It's that time of the year when weather can make our lives interesting.
While I had another topic for this week's column, I thought it best to cover the weather procedures used in the district when considering changes in school schedules.
Our county consists of 1,700 square miles, and conditions vary greatly from one community to the next. When school is affected, the entire community will have felt an impact. Transportation options may be limited at times because of adverse conditions.
Clearly, parents count on school being in session when they must be at work. While our role is primarily educational, I do recognize the impact school closures have on families. When school can be open, we will do everything possible to make it so. We always recognize that conditions can vary from community to community, so parents are encouraged to make decisions based on conditions in their areas and the safety of their children. When a student is absent because of adverse conditions, the absence will be excused by the school administrator. Teachers will always work with students to make up missed work or content when absent for weather reasons. Keep in mind that we also have staff members who are affected based on where they live, and expect them to arrive only when it is safe to do so.
On Monday of this week, we experienced a road closure that affected communities west of town. Roads in town, while slick in spots, were certainly open as were businesses. Buses could not navigate U.S. Highway 160 west of town and through Wildcat Canyon; however, those roads were open at times to private vehicle traffic.
It is easy to be an armchair quarterback on days when weather is challenging. Please know that my team members and I drive the roads early in the morning, speak with road crews, consult surrounding districts, consult with law enforcement and assess all areas of our district. Our decisions are based on the majority of the community and not any given community or region. Decisions are not made lightly and are done so with all impacts carefully considered.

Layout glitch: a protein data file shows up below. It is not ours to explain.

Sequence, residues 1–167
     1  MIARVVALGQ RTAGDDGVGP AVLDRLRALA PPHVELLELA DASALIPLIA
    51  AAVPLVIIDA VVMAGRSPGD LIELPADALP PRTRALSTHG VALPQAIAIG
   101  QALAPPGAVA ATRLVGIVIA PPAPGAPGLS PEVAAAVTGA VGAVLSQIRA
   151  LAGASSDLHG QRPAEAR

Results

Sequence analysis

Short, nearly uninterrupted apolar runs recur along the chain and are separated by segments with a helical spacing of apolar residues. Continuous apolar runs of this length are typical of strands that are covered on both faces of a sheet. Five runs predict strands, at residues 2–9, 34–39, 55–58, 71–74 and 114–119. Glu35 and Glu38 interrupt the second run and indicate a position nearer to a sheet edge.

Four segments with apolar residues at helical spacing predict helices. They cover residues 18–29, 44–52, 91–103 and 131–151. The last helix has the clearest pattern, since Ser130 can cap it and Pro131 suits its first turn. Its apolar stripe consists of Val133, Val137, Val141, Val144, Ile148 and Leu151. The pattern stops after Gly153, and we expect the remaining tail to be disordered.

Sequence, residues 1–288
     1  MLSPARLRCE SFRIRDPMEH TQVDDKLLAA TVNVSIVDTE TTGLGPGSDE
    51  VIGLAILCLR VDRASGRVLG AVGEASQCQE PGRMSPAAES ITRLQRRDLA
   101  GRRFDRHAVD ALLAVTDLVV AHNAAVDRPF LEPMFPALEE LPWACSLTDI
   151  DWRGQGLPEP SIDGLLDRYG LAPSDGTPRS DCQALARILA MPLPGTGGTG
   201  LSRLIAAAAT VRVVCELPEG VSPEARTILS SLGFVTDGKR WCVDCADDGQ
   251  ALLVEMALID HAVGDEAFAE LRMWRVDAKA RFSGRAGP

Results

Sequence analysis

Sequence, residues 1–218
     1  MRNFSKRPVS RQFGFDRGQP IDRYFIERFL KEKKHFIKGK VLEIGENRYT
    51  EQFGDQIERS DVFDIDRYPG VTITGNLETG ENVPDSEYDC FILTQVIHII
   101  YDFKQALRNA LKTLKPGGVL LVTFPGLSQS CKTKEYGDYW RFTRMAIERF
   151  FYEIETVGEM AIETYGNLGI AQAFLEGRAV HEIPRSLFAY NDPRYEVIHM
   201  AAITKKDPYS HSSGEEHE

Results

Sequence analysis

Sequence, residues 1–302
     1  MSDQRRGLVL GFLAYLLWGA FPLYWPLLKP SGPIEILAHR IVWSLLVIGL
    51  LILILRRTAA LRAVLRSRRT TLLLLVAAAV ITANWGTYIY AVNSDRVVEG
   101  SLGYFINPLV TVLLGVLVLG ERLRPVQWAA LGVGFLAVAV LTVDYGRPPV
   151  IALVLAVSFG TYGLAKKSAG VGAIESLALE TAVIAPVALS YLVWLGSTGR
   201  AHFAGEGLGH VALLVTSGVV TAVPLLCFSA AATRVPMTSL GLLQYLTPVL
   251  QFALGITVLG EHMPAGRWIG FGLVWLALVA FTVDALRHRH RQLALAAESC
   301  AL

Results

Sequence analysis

Know that the operation of buses will always be a separate consideration. At times, road conditions may present too great a hazard to operate school buses. When a delay or cancellation of buses occurs, parents of students registered on that route will be notified as soon as possible by phone call, text and email (please make sure your information is updated at your school). Parents in those areas will also need to make a decision about whether they can transport their child safely to school. School bus cancellations will not cause school to be canceled for the remaining students. About 1,500 of our 5,000 students use our bus transportation system. Again, if parents can't get their children to school when such cancellations occur, the students will be granted excused absences.
We do our best to make effective decisions on those challenging days in the interest of the safety of our students and the support of our families, who count on us to care for their children. Updates can always be found on our websites, our social sites, through our reverse notification system and on our information line, (970) 375-3811.
Email Durango School District 9-R Superintendent Dan Snowberger at DSnowberger@durango.k12.co.us.
Editor's note: A previous version of this article listed an incorrect email address for Dan Snowberger